Fury, though, is looking for much more than a casual look from boxing enthusiasts. He wants full recognition as the best fighter in the world. And when Fury perceives that he isn't being acknowledged in such fashion, he lashes out.

So on Wednesday, during a press conference to generate interest in his elimination bout with Steve Cunningham, a former cruiserweight titleholder, Fury took his arrogance to new heights.

He looked at Cunningham with disdain and commented about him in the most disrespectful manner. Fury is furious that he has to share the ring with Cunningham on Saturday [4 p.m. ET, NBC] in The Theater at Madison Square Garden.

And that was before he became aware that Cunningham's promoter, Kathy Duva, intended to toss a coin to determine which fighter would walk into the ring first and be introduced second. That's when Fury let it all hang out: He believes he deserves to be the last man in the ring and last to be introduced.

"There is only one star, and it's not Steve Cunningham," said Fury, of the U.K. "This is the Tyson Fury road show, and we are bringing it to New York.

"Steve Cunningham is the opponent here. He's not the champion. He's not the man. He is not undefeated. This is all about me. Me! Me! Me!

"I'm the man to beat," Fury continued. "I'm the best heavyweight on the planet. Steve Cunningham is an opponent, a stepping stone."

Caught off guard, Duva could muster only a nervous chuckle. Fury's immediate rejection of her attempt at fairness -- Cunningham is 25-5 (12 KOs) and likely to attract a large contingent of followers from his hometown of Philadelphia -- left Duva no choice but to place that coin in her purse.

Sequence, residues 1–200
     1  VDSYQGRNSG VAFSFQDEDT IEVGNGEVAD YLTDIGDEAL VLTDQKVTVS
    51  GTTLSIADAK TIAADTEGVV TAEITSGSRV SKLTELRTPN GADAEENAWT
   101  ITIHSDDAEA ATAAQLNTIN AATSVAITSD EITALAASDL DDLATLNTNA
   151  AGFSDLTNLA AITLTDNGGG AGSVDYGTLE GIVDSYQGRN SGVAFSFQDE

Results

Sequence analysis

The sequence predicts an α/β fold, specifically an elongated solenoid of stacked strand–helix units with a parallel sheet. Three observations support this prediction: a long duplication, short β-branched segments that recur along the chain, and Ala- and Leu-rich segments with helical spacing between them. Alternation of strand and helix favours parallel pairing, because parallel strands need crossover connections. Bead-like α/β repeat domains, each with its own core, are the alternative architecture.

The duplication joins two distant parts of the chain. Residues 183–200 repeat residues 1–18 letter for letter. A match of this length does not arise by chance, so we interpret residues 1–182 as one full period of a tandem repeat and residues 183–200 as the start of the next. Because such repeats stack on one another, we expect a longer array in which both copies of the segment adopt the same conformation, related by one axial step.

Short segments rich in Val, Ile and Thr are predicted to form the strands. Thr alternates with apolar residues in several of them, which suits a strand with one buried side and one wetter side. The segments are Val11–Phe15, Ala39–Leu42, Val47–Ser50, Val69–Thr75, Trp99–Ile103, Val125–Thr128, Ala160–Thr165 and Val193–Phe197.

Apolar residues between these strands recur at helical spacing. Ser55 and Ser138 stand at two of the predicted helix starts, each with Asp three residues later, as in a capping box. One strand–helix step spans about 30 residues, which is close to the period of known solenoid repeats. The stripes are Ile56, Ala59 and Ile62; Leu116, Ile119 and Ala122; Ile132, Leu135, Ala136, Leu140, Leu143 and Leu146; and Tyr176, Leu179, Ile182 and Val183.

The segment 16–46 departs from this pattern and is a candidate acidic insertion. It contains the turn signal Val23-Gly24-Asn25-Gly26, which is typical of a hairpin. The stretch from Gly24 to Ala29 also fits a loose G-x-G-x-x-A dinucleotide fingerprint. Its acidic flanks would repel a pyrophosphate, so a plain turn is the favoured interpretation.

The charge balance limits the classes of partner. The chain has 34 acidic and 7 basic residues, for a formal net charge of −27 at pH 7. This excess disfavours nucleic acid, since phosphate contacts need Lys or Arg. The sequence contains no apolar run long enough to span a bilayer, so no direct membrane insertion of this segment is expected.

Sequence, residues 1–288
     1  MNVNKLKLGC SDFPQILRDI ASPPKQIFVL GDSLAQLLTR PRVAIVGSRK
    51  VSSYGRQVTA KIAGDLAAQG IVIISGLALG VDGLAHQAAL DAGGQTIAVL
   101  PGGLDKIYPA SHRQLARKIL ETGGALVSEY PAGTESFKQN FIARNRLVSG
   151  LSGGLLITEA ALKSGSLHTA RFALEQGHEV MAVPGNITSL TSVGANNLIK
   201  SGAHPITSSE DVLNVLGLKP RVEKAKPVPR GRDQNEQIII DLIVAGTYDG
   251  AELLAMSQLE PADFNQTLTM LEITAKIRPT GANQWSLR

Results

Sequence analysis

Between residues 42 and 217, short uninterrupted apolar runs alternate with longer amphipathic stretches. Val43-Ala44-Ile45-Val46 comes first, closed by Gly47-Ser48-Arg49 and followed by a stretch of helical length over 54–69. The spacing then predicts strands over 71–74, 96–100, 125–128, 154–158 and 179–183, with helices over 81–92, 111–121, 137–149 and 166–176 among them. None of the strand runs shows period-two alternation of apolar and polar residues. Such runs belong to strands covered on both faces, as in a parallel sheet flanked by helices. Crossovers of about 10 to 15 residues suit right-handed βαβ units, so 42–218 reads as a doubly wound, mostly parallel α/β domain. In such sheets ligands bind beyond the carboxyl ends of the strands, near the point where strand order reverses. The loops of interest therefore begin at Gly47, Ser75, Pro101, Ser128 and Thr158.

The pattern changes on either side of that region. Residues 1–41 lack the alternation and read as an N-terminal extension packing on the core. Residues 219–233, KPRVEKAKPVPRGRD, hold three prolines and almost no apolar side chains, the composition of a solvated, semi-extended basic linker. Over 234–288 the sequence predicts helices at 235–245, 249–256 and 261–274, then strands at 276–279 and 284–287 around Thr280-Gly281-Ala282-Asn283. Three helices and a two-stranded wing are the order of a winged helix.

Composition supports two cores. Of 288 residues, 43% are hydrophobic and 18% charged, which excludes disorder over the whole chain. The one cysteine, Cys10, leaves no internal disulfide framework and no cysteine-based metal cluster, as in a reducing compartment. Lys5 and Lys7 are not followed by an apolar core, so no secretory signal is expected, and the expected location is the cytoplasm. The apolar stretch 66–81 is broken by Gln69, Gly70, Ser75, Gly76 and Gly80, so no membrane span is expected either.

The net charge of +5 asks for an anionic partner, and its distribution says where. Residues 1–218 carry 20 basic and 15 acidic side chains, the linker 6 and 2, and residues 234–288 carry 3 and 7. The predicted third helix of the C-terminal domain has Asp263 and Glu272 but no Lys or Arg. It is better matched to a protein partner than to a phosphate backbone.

But like it or not, Fury -- fighting for the first time in the United States -- does have a strong case. Cunningham, 36, is fortunate to be fighting in an eliminator after coming up short in three of his four most recent outings.

Yet here he is, just two wins from landing a title shot -- not bad for a guy who has a 1-1 record at heavyweight. The winner of Saturday's showdown moves into the No. 2 contender slot of one of the alphabet organizations, and is then expected to face current top-ranked contender Kubrat Pulev.

Heavyweight champion Wladimir Klitschko likely will defend the belt against whichever fighter is standing when the smoke clears. Cunningham, of course, believes he'll be that man, despite the tough talk from Fury.

"He can't match my speed," Cunningham told ESPN.com. "He can't match the wisdom that I've acquired over the years. I've been fighting for 12 years, a pro for almost 13."

Fury is bigger, stronger and longer than Cunningham. He can get away with a mistake here and there; his massive bulk will easily allow him to absorb most of Cunningham's punches -- especially early. The diminutive Cunningham -- 6-foot-3 and a shade over 200 pounds -- doesn't possess the same luxury.

"He beats me in size, height and weight," Cunningham said. "But we all know from the story of David and Goliath that size means nothing. It's about your knowledge, how you use what you have.

"Size doesn't matter. And I'm here to prove that."

Cunningham is partly correct. Fury's size won't matter Saturday if he fails to check his arrogance and take the man standing across the ring from him seriously. Then Cunningham might pull off an upset.

If not, expect Fury to win by unanimous decision.